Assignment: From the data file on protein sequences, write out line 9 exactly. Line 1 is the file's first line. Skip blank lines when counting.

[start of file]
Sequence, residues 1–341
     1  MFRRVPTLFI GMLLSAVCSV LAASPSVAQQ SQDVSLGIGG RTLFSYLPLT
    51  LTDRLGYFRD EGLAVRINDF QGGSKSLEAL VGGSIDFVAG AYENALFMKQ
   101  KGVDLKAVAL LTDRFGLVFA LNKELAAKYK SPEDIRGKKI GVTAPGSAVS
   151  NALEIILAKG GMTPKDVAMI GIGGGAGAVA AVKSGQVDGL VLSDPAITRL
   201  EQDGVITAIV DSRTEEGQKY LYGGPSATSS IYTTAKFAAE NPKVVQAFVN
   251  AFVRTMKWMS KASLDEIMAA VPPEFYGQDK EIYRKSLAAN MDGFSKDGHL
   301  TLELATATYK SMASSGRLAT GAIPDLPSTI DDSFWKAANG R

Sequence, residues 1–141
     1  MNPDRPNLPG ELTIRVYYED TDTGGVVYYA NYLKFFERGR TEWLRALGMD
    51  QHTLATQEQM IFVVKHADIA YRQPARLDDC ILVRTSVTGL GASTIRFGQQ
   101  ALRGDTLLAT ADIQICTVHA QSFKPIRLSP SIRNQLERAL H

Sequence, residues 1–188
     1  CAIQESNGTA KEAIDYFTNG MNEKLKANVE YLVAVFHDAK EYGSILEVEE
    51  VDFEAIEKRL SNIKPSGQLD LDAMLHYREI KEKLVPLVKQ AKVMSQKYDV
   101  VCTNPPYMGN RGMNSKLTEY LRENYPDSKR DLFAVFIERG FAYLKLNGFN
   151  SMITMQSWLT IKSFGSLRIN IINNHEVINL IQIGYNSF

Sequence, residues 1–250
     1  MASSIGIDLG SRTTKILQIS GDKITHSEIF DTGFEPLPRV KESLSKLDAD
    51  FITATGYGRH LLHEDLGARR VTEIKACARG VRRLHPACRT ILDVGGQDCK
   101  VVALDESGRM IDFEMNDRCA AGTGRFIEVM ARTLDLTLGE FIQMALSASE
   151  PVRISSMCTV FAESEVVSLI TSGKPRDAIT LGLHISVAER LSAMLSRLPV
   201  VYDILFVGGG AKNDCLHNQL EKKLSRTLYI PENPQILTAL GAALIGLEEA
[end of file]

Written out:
Sequence, residues 1–141